There has been a lot of recent discussion about the Server Message Block (SMB) network file sharing protocol and its vulnerabilities which were used in the WannaCrypt ransomware attack which spread quickly after it was first detected earlier this month.
The situation was so severe that Microsoft even issued a security patch for Windows XP based systems which has been out of support since April 2014. While I am sure users appreciated that patch, it looks like Windows 7 was more vulnerable to this exploit than Windows XP users in the long run.
Microsoft has been talking about this SMB v1 vulnerability since at least last September and over on the "Stay Safe" Cyber Security Blog, Troy Arwine provides historical context about this issue including links to all of the related articles from MSDN and TechNet.
He also provides links to the security bulletin that was published back in March when the company patched the exploit and then the follow on content relating to the ransomware attack this month.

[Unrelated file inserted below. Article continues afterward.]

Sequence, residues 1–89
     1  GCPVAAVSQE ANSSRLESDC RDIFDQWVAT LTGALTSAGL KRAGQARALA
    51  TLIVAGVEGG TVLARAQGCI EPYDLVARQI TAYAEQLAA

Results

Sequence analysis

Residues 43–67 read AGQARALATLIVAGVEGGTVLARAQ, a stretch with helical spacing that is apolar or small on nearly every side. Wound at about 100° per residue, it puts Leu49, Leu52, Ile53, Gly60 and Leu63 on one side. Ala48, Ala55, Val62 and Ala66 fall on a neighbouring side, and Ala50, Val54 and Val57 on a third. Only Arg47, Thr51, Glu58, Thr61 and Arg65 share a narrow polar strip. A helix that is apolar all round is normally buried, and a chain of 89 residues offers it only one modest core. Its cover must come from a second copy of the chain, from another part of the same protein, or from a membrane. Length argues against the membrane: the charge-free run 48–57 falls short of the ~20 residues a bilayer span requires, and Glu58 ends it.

It is all excellent reading to learn about the entire situation however, there is a very practical side to his article as he provides enterprise customers with the steps necessary to disable SMB v1 using Group Policy and there are separate instructions on this process for both SMB v1 Server and Client.
While patching/disabling the SMB protocol on your servers and clients is important, do not forget to take a look at other file sharing hardware you might use on your network and make sure you upgrade firmware so that you can avoid this vulnerability in SMB v1. If your hardware does not support switching off SMB v1, like my Western Digital MyCloud device, than you should consider replacing that hardware on your network as soon as possible.
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